Author: Michael Waibel*
Published: December 2019
The super-norm in the investment treaty regime is the treatment standard of fair and equitable treatment (“FET”) —a standard that has no analogue in the trade regime. FET features in nine out of ten investment treaties. It also radiates out to the investment regime more generally. The expression “fair and equitable” is found not only in FET provisions in investment treaties but also in other provisions such as free transfer of funds clauses. The annulment committee in Standard Chartered Bank v. TANESCO held that it could review the arbitral tribunal’s assessment of the merits only for whether it was “fair and equitable”—language that is not found in article 52 of the ICSID Convention that sets out the grounds for annulment.
Since 2000, investment arbitration tribunals have construed the FET standard broadly compared to other treatment standards in investment agreements. The wide application of FET has prompted concerns that this standard unduly restrains the host-State’s regulatory space. Notably, in contrast to the treatment standard of indirect expropriation, a host-State may breach FET even if its conduct did not cause a substantial deprivation of the investment. Additionally, in contrast to national treatment and most-favored nation treatment, a host-State can breach even if its conduct is non-discriminatory. The development of FET by investment tribunals is possible in part because FET provisions across investment treaties resemble each other. This common core of FET has allowed arbitral tribunals to interpret the FET standard in one treaty considering similar provisions in other treaties.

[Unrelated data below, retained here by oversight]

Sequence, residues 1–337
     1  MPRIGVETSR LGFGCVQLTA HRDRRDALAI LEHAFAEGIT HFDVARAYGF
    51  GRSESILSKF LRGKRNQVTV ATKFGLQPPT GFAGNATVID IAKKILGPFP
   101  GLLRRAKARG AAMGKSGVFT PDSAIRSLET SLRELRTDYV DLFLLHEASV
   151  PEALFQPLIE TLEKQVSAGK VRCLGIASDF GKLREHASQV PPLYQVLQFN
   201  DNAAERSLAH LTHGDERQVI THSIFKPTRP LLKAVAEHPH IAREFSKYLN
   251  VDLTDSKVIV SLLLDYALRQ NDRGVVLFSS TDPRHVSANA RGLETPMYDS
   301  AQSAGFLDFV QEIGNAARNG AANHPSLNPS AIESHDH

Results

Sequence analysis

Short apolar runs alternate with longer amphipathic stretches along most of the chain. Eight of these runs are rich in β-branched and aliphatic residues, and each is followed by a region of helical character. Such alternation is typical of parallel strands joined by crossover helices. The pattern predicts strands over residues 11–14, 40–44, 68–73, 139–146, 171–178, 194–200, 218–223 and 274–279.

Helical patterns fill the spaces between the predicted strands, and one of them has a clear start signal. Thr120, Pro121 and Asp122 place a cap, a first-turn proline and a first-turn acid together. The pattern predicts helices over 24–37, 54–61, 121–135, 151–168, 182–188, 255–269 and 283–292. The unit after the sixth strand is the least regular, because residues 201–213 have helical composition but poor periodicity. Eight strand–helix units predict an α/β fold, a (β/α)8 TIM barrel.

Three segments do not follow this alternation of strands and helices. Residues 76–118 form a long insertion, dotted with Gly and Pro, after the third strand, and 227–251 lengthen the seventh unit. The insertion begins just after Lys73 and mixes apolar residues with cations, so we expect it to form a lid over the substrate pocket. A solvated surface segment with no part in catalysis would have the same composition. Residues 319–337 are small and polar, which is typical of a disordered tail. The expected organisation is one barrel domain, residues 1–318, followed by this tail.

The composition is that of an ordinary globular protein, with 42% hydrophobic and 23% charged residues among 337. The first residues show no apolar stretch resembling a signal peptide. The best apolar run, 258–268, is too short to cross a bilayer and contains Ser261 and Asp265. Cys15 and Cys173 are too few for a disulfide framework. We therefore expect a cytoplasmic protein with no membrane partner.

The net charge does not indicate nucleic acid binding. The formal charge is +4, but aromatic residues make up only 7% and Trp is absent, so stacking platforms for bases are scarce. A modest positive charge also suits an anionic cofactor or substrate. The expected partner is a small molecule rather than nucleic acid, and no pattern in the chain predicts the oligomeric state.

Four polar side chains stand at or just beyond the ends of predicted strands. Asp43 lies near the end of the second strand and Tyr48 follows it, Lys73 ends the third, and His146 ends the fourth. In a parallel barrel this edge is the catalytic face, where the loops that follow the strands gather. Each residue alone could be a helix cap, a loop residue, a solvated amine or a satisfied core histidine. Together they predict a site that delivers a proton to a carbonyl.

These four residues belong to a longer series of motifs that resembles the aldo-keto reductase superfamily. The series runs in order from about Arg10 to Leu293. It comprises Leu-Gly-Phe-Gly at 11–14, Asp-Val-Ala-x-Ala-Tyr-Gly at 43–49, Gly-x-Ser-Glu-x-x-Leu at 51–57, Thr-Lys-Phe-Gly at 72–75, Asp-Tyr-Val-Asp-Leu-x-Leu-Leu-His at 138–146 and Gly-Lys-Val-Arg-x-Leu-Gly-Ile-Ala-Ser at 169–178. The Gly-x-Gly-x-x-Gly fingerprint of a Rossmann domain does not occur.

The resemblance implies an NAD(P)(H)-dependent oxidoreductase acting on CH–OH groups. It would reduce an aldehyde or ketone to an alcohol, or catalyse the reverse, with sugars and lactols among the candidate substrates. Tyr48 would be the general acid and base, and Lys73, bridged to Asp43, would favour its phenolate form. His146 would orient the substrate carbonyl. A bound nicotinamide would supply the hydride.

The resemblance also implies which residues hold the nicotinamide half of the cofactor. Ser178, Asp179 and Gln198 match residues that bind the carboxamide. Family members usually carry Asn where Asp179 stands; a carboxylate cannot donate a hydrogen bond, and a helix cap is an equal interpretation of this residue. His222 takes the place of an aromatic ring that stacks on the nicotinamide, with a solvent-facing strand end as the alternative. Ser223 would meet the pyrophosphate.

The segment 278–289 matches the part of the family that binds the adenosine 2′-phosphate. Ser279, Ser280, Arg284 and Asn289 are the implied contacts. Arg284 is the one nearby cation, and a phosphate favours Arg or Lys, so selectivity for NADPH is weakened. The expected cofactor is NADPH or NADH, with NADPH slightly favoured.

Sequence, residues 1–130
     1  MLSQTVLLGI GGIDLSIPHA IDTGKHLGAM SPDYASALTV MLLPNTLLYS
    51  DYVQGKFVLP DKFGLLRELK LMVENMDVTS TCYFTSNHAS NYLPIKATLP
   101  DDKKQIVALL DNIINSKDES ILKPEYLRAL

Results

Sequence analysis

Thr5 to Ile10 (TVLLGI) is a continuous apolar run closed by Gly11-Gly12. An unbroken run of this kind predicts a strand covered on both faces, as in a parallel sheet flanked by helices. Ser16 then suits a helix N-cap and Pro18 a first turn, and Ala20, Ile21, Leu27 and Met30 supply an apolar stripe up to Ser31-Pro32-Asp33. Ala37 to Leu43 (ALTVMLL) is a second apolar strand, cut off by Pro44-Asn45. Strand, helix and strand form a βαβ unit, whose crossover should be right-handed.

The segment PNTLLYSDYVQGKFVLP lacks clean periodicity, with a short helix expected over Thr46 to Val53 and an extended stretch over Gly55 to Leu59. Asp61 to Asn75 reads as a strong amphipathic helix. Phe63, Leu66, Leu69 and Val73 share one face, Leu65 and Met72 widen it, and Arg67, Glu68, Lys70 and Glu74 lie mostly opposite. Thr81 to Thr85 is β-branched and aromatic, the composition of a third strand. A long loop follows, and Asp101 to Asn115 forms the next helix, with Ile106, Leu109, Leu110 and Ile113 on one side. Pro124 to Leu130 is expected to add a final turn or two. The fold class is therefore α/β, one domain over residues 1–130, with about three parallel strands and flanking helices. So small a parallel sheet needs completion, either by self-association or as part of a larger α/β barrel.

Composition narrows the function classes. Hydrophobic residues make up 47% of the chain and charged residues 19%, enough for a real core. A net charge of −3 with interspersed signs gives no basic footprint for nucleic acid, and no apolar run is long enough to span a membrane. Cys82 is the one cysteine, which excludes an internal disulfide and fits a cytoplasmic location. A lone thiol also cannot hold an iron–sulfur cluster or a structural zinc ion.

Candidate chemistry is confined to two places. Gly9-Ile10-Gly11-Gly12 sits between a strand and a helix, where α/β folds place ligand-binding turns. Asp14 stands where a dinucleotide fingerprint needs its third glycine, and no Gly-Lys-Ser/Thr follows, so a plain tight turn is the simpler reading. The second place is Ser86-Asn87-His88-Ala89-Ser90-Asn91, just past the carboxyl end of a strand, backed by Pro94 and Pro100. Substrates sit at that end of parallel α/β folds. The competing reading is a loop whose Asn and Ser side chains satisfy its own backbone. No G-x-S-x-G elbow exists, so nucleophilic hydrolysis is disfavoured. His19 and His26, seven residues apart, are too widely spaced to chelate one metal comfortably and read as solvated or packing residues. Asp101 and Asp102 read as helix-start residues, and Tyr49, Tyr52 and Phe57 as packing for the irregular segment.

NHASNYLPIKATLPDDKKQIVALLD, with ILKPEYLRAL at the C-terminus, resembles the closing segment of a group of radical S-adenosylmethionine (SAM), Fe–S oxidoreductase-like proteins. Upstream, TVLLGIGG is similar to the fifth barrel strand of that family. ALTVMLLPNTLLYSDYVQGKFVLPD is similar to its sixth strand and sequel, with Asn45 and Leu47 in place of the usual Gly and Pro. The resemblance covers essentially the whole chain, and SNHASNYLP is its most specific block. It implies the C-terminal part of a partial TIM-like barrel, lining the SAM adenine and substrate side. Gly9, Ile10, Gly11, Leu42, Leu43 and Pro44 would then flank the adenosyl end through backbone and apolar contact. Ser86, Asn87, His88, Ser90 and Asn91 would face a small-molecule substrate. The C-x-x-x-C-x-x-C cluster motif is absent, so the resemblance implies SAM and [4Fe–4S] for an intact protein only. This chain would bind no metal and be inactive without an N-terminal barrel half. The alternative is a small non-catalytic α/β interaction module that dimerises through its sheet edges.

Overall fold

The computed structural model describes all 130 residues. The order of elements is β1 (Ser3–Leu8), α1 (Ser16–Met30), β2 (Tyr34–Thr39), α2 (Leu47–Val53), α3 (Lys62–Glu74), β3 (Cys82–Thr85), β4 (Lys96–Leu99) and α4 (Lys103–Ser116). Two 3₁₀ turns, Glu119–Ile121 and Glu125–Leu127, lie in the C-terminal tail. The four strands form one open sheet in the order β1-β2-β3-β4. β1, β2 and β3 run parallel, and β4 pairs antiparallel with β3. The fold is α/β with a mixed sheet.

[…] this paper is structured as follows: Section II explains the dataset and this article’s text-as-data-methodology. Section III sets out the main types of FET provisions, drawing on the existing literature. Section IV examines the clusters that emerge from this paper’s text-as-data methodology and considers FET as a social network. Section V contends the FET standard is a prominent example of a boilerplate provision. Section VI argues that the character of FET as boilerplate suggests that investment tribunals ought to adopt a modified interpretive stance compared to negotiated provisions in treaties. Boilerplate provisions should be interpreted using the contra proferentem principle —with ambiguities resolved against the drafter of the FET provision—and considering the reasonable expectations of the contracting state that received a draft boilerplate FET provision from its counterparty.
*Professor of International Law, University of Vienna. Thanks to Wolfgang Alschner for sharing treaty texts and Tarald Laudal Berge for sharing model texts. Damien Charlotin, David Chriki and Antonin Sobek provided excellent research assistance.